Covering Climate Change
A Workshop for Journalists
Speakers and Participants
Emily Atkin is the author and founder of HEATED, a daily newsletter dedicated to original accountability reporting and analysis on the climate crisis. She previously was the climate staff writer at The New Republic and the deputy climate editor at ThinkProgress. Her pieces have appeared in Newsweek, Slate, Mother Jones, Sojourners, CityLab and The Hill. Atkin additionally has talked about her climate work on MSNBC, C-SPAN and NPR.
Aleszu Bajak is a science and data journalist and graduate programs manager at Northeastern University’s School of Journalism, where he teaches courses and runs research on digital journalism, data reporting and new media. Bajak was a 2013-14 Knight Science Journalism Fellow at MIT and his writing has appeared in The Washington Post, MIT Technology Review and Nature. He is the editor of Storybench, an under-the-hood guide to digital storytelling from Northeastern’s School of Journalism, and LatinAmericanScience.org, a resource for science news and opinion out of Latin America.
Martha Bebinger covers health care and other topics at WBUR, the NPR affiliate in Boston. She has received dozens of regional and national awards, including the Nieman Fellowship for Journalism at Harvard University. Bebinger has a B.A. in art and semiotics from Brown University and an M.A. in English from Boston University.
Aaron Bernstein, M.D., M.P.H., is the co-director of the Center for Climate, Health, and the Global Environment at the Harvard T.H. Chan School of Public Health (Harvard C-CHANGE), a pediatrician at Boston Children’s Hospital and an assistant professor of pediatrics at Harvard Medical School. Dr. Bernstein focuses on the health impacts of the climate crisis on children’s health and advancing solutions to address its causes to improve the health and well-being of children around the world. At Harvard, he is the course director for “Human Health and Global Environmental Change” and created the HarvardX course “The Health Effects of Climate Change.” He serves on the American Academy of Pediatrics Council on Environmental Health Executive Committee, the Board of Scientific Counselors to the CDC’s National Center for Environmental Health/Agency for Toxic Substances and Disease Registry and is chair of the board of directors of the U.S. Green Building Council.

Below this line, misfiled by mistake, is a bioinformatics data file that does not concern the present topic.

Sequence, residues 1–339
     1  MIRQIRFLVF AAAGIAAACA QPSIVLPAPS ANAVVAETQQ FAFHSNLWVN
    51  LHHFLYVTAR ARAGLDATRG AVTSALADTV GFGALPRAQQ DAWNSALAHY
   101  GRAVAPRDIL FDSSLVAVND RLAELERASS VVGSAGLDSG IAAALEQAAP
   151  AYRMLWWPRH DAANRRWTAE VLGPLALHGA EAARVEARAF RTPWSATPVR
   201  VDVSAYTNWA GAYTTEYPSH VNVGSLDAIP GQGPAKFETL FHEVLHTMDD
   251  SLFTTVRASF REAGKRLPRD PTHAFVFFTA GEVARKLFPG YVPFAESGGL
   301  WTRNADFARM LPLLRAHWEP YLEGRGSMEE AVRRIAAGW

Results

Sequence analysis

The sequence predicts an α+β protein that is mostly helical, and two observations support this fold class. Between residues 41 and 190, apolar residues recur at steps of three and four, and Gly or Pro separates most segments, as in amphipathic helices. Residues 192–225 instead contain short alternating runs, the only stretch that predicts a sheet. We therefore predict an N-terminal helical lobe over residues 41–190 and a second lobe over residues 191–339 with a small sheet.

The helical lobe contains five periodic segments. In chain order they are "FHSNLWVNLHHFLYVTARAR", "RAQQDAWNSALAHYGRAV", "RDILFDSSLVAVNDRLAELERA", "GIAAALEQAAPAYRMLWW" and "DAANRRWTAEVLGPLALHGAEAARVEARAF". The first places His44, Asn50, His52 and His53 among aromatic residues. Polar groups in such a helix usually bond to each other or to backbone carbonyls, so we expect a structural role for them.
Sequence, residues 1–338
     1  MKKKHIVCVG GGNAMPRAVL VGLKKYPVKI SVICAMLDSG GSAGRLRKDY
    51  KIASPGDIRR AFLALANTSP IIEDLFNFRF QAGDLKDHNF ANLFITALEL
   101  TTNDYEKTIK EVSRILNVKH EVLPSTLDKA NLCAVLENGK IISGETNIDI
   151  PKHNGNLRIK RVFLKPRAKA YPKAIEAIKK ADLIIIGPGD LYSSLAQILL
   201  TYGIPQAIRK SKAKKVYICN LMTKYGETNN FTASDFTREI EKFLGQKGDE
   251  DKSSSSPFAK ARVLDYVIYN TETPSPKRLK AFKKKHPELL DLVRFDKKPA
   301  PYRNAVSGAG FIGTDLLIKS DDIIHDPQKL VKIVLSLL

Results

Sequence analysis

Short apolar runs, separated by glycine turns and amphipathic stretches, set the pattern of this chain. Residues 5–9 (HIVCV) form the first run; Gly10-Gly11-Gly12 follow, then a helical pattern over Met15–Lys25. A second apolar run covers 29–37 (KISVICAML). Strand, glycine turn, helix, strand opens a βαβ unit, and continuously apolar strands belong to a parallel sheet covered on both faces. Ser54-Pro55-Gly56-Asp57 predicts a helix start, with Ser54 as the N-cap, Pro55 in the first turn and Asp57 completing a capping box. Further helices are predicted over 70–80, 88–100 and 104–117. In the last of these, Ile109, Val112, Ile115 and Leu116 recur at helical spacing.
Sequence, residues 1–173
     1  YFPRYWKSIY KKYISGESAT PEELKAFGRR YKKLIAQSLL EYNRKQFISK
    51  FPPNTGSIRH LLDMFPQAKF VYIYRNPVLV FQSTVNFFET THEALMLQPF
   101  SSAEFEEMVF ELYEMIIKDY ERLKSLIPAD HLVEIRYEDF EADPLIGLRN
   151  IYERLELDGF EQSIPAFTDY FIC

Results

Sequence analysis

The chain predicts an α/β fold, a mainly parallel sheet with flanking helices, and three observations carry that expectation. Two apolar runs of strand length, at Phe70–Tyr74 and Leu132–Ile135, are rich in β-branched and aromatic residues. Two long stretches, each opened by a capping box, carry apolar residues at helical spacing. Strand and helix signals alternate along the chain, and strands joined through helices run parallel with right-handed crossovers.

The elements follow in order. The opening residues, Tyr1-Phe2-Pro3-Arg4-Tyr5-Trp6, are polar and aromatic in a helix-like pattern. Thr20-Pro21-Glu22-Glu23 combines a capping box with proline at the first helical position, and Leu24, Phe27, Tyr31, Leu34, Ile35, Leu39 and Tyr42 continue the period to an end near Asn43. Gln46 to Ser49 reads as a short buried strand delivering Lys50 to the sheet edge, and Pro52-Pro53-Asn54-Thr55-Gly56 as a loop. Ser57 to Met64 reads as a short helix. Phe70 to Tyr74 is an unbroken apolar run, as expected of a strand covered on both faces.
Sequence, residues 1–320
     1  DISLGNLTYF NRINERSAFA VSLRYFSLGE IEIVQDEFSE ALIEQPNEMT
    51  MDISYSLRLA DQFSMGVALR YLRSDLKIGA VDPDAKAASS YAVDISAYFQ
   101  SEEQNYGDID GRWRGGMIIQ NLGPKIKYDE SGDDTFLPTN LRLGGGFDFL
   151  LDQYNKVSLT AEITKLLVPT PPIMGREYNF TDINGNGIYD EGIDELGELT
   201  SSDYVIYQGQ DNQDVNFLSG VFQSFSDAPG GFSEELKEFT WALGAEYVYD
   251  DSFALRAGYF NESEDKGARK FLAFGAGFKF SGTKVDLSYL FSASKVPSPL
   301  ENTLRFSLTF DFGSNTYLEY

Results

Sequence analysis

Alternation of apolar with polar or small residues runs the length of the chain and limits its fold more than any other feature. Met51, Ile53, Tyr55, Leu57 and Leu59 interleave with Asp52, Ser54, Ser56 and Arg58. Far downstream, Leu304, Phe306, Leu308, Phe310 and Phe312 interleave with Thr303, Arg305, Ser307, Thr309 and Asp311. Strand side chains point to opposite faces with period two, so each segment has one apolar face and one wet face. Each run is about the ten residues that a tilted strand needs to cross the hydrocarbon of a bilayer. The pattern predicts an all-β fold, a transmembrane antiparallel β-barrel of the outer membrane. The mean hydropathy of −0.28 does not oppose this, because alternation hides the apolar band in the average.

David Bornstein is CEO and co-founder of the Solutions Journalism Network, which works to establish solutions journalism—rigorous reporting that examines responses to social problems—as an integral part of mainstream news. He has been a journalist for almost 30 years. Since 2010, he has co-authored the “Fixes” column in The New York Times. He is the author of three books: “How to Change the World: Social Entrepreneurs and the Power of New Ideas,” “The Price of a Dream: The Story of the Grameen Bank,” and “Social Entrepreneurship: What Everyone Needs to Know.”
Jeff Brady is an NPR national desk correspondent based in Philadelphia, where he covers the mid-Atlantic region and energy issues. Brady helped establish NPR’s Environment and Energy Collaborative, which brings together NPR and member station reporters from across the country to cover the big stories involving the natural world. He approaches energy stories from the consumer side of the light switch and the gas pump in an effort to demystify an industry that can seem complicated and opaque. In 2017 his reporting showed a history of racism and sexism that has made it difficult for the oil business to diversify its workforce.
Elliot Diringer is executive vice president of the Center for Climate and Energy Solutions (C2ES), where he directs the international and federal outreach and communications programs. He has been deeply engaged in environmental issues for many years. As a reporter and editor at the San Francisco Chronicle, he authored award-winning environmental series and covered the 1992 Earth Summit. He served in the Clinton White House as director of communications, as senior policy advisor at the Council on Environmental Quality and as a deputy press secretary. He holds a degree in environmental studies from Haverford College and was a 1996 Nieman Fellow.
Lisa Friedman is a reporter on The New York Times climate desk, focusing on federal policy in Washington. Friedman has spent more than a decade writing stories about people on the front lines of climate change, from the bottom of a Chinese coal mine to the top of snow-capped Himalaya Mountains. She has covered nine international climate negotiations. Her work has won a number of honors, including an American Association for the Advancement of Science (AAAS) Kavli Science Journalism Award for her coverage of climate migration in Bangladesh. She previously worked for Climate Wire, where she led a team of reporters focused on the business and politics of the changing climate.